The Vintage Teacup Club, Vanessa Greene
When Jenny finds the perfect vintage tea set at a car boot sale in Sussex, there’s just one problem: two other women have fallen in love with it, too. They agree to share the tea set, using it for Jenny’s wedding, Maggie’s event planning business and Alison’s home craft business. Along the way, they become friends and help each other through a few rough patches. A sweet, heartwarming (if slightly predictable) debut novel. To review for Shelf Awareness (out Nov. 5).
Home: The Story of Everyone Who Ever Lived in Our House, Julie Myerson
Curious about her London home’s history, Myerson sets out to track down as many of its previous owners and tenants as she can. She digs through tenancy records, wills, photos and family correspondence, unearthing a trove of odd, poignant stories from several eras. She also weaves in memories of her own peripatetic childhood and musings on what makes a home. Could have been much shorter, but still interesting.
Clouds of Witness, Dorothy Sayers
When a dead man turns up outside his brother’s hunting retreat, Lord Peter Wimsey hurries in to do a spot of sleuthing and clear his brother’s name. But their sister Mary, who was engaged to the dead man, may be hiding something. With the help of his unflappable manservant and clear-headed policeman friend, Wimsey solves the case. A fun introduction to Wimsey’s wacky family, and an interesting (if slightly far-fetched) solution.
Divergent, Veronica Roth
In futuristic, dystopian Chicago, everyone must align themselves with one of five factions based on a single virtue: honesty, bravery, intelligence, etc. Beatrice Prior has grown up in Abnegation (which values selflessness), but chooses to leave her family and join Dauntless. During the intense initiation process (think Hunger Games training), she makes a few friends and meets an exasperating, fascinating boy. The plot is interesting, as are some of the characters, but the violence felt over-the-top, and I couldn’t see the reason for it. Not sure if I’ll read the next book, Insurgent.
The Gallery of Vanished Husbands, Natasha Solomons
When Juliet Montague’s husband disappears, she lives as a widow in her Jewish community near London, working to support her two children. But when a young artist offers to paint her portrait, Juliet is thrust into London’s art world. As London enters the 1960s, Juliet becomes a gallery curator and owner. I loved Solomons’ The House at Tyneford, but this book disappointed me. I appreciated Juliet’s struggle to define herself outside her strict community, but her choices didn’t always make sense. I found her self-focused to the point of egotism – she didn’t really have meaningful relationships with the other characters.
Unnatural Death, Dorothy Sayers
Lord Peter Wimsey and his policeman friend investigate the (seemingly) natural death of an elderly lady. What starts out as an entertaining, almost hypothetical, problem becomes knottier as several people close to the case (including Wimsey himself) are threatened. It’s a long, meandering path to the solution (shot through with legal jargon), but Wimsey and Parker solve the case, of course. Entertaining.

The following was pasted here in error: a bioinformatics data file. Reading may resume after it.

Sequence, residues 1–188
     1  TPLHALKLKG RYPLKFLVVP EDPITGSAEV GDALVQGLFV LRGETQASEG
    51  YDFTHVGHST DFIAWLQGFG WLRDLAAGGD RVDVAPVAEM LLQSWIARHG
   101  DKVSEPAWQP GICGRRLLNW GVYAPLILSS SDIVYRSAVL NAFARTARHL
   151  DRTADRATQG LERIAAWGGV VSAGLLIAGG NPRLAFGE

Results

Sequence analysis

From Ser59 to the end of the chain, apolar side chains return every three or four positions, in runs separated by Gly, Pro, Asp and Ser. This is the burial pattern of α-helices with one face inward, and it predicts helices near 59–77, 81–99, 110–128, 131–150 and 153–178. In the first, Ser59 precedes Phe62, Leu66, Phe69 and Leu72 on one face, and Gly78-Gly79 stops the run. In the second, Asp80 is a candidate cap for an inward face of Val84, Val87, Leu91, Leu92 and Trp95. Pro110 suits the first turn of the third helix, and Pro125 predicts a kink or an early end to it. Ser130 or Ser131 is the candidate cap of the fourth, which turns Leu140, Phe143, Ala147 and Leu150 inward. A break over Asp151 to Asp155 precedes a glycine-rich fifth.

Handling the Truth: On the Writing of Memoir, Beth Kephart
I read and loved Kephart’s memoir Into the Tangle of Friendship years ago. This book on writing memoir is lyrical, practical, brave, straight-up honest, and lovely. Kephart shares her hard-won wisdom and explores the pitfalls and joys of the genre. The appendix is a rich annotated list of classic memoirs on various subjects – a great reading list. Every chapter made me want to pick up a pen. Recommended by Becca.
Al Capone Does My Homework, Gennifer Choldenko
I loved the first two books in this series, and this third installment was just as much fun. Moose Flanagan lives on Alcatraz in the 1930s with his parents (his dad is the associate warden) and his autistic sister, Natalie. When a fire starts in their apartment, Natalie is blamed, and Moose and his friends must find out who set the fire to clear her name. Meanwhile, the convicts may be targeting Moose’s dad, according to a cryptic warning from – who else? – Al Capone. Fun and fascinating.
The Situation and the Story: The Art of Personal Narrative, Vivian Gornick
A short, direct primer on writing personal narrative (split into two sections on essay and memoir). Gornick illustrates her points with long passages from memoirs, ranging from Oscar Wilde to Beryl Markham to Loren Eiseley. Narrowly focused, and often arrogant, but I do appreciate the distinction between situation (what happens to a writer; the context) and story (the larger meaning the writer makes of it).
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